The government has pledged a £37m funding boots for data-driven initiatives to boost the UK’s life sciences and genomic industries.

The money will be used to deliver high quality research, treatment and care as well as to improve clinical decision making, the government said in a press release on Thursday (April 29).

Genomics England projects supporting the implementation of the genome UK strategy will receive £17m cash injection, while the remaining £20m will be invested in initiatives to harness UK health data for life sciences research as part of the ambition to make the UK the most advanced and data-enabled clinical research environment in the world.

This will include investment in clinical trials, making it quicker and easier to set them up and deliver them, and funding to develop medicines, vaccines and health technologies to support cutting-edge research such as the Covid vaccine trials, and studies supporting the earlier detection of disease.

Genomics England will use the funding to explore public attitudes to, and the potential value of, new-born sequencing, contributing to the increase in data from ethnic minorities in genomic cohorts and data sets, and supporting a next-generation approach to cancer diagnosis.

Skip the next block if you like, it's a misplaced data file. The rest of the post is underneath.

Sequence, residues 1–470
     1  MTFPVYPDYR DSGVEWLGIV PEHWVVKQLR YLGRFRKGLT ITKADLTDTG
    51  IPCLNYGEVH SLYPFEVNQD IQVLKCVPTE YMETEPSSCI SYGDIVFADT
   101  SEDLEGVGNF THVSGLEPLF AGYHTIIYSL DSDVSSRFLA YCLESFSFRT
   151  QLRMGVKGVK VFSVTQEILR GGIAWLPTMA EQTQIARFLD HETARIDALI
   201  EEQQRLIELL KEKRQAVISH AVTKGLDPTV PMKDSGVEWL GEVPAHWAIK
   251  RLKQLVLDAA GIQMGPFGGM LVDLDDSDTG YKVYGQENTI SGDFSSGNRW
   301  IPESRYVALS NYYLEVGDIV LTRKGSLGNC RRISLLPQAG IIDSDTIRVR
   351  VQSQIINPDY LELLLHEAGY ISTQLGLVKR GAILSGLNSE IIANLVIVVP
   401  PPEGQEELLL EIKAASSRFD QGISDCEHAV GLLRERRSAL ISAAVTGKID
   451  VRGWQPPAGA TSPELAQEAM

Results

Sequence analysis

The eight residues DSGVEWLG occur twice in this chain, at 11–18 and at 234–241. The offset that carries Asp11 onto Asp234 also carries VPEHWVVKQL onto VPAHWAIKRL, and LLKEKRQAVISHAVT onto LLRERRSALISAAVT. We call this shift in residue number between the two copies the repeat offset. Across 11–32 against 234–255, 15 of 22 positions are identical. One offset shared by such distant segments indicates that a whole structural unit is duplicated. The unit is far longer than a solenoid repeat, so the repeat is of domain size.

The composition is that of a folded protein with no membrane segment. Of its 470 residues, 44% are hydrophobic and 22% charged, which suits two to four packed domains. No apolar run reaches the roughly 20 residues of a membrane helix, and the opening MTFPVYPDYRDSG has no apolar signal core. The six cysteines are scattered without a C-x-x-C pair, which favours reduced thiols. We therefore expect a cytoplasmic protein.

New support for the UK Functional Genomics Initiative is also aimed to drive ground-breaking new approaches to improve our understanding of how genetic changes cause disease.

Health secretary Matt Hancock announced the funding boost for the sector while addressing the annual conference of the Association of the British Pharmaceutical Industry which was held online on April 29,

Hancock said: “Today I’m proud to set out the next steps with a £20m investment in the new data-driven ‘Find, Recruit and Follow-Up’ service for clinical trials… I’m determined to make it quicker and easier to set up and deliver the high-power clinical trials we need. More than that, the trials will be better with R&D-ready data, to strengthen their power to increase diversity of participants.

“And so, bring medicines to market safer and faster, from cancer to cardiovascular, to every disease known to mankind. Taken together, all this means better research, better treatment, better clinical decision-making, and more lives saved, and lives improved. That is the mission of the life sciences.”

The health secretary went on to affirm his commitment to support free trade and global exports, and his pledge to make the UK the best place in the world for life science businesses to invest and locate their operations.

In response, Richard Torbett, chief executive of the ABPI, said: “The past year has shown us all the importance of having a strong domestic life sciences sector that is able to respond quickly to health challenges and support the NHS in times of crisis.

“Today’s announcement recognises the part our companies have played in the battle against Covid-19 and sends a clear signal about industry’s role in the government’s plan for the UK as a science superpower.”

“Genomics and data will be at the heart of the next generation of personalised healthcare and today’s announcement will help put the UK at the cutting edge of medicines and vaccines development.”

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